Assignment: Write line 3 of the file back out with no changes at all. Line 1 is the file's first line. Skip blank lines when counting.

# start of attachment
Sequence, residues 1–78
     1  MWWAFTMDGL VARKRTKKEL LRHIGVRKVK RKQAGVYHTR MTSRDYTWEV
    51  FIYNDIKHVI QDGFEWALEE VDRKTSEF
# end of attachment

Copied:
    51  FIYNDIKHVI QDGFEWALEE VDRKTSEF